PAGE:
A Happy Triumvirate: Virtue Epistemology, Contextualism and the Safety Principle (Draft)
I'm currently at work on a paper defending a virtue responsibilist account of knowledge designed to accomodate two anti-luck concerns: (i) if S knows some contingent proposition p, then S couldn't have easily been wrong about p; (ii) S's knowing some contingent proposition p amounts to an achievement for S such that S is creditworthy for knowing p.
I call (i) and (ii) "anti-luck" concerns because, if a belief is true in some relevant way because of (veritic) luck, neither (i) nor (ii) will be met.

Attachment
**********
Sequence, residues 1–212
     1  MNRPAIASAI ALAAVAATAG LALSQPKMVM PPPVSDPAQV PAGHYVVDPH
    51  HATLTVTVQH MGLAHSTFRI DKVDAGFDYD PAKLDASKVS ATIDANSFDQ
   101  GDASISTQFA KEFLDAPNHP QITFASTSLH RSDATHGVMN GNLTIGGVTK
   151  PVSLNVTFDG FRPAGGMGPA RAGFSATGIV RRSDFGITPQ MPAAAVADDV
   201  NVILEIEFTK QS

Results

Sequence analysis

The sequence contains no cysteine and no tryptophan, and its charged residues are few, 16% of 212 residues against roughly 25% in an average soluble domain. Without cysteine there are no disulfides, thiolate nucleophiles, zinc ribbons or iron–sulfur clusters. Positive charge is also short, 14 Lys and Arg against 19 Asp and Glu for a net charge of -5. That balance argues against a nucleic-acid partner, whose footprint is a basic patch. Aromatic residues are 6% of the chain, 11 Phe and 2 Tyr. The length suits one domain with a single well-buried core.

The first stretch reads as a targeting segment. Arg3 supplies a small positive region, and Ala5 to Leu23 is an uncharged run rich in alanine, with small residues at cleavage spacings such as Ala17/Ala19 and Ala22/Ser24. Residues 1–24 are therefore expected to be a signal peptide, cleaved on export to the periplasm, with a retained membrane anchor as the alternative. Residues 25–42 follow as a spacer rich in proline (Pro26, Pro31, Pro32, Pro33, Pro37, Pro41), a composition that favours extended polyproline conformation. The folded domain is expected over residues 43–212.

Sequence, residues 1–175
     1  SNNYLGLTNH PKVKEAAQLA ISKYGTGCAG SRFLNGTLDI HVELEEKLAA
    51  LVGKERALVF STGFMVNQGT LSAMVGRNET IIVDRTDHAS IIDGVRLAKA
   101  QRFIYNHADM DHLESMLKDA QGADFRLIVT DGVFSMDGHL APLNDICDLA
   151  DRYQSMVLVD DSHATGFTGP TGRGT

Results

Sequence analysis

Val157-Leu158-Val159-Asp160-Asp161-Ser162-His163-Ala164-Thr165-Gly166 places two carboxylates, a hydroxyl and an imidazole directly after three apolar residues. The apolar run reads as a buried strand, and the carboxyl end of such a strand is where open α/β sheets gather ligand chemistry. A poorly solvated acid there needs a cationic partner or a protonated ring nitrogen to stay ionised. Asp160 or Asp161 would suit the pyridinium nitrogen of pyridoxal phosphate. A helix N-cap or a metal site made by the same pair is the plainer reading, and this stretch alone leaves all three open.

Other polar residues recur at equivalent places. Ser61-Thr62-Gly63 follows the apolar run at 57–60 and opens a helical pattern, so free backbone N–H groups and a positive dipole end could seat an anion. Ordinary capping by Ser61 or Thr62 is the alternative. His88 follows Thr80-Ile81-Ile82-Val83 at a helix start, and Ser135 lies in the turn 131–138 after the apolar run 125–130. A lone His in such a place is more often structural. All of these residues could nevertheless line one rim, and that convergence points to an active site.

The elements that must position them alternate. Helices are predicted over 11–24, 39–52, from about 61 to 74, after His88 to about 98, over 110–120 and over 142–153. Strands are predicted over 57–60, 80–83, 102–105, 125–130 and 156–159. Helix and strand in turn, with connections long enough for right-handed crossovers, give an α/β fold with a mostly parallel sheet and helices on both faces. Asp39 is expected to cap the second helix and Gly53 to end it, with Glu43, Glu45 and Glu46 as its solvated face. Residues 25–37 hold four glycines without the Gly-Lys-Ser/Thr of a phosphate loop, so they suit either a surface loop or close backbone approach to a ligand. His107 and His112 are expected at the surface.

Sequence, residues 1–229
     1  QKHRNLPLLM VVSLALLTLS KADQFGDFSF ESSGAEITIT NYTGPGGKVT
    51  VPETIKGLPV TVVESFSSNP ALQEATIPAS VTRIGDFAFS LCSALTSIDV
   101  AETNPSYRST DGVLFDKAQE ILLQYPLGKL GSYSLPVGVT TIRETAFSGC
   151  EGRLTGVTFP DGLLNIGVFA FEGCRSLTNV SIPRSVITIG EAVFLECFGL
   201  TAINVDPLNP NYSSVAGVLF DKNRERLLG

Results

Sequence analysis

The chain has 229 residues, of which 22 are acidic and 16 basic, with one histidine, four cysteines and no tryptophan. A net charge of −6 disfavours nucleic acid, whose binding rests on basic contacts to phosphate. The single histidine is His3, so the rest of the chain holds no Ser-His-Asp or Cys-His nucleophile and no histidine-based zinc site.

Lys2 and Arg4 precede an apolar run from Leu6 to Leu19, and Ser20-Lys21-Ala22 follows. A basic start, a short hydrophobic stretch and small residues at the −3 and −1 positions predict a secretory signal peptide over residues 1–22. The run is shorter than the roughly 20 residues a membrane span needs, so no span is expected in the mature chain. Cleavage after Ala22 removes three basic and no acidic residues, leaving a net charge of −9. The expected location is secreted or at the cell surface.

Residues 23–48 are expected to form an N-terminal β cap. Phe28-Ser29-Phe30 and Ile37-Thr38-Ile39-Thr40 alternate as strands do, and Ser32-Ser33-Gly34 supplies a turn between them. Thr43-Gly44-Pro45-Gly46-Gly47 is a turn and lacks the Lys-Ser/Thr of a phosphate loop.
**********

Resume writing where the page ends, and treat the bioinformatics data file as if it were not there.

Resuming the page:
My proposal incorporates a safety condition to meet (i), and outlines a way to preserve (ii) by requiring that creditworthiness depend in part on whether an agent’s exhibition of intellectual virtue is an explanatorily salient feature of her forming a safe belief, a matter that will itself depend on features of context in particular cases of inquiry.
Below is a link:
Please note: I'm wide open for advice (as this paper is currently only a rough manuscript); I'd prefer you don't quote unless checking with me, given that its current state is far from polished.
Feel free to send comments, criticisms, rants of ad hominem vitriol, etc. to: email@example.com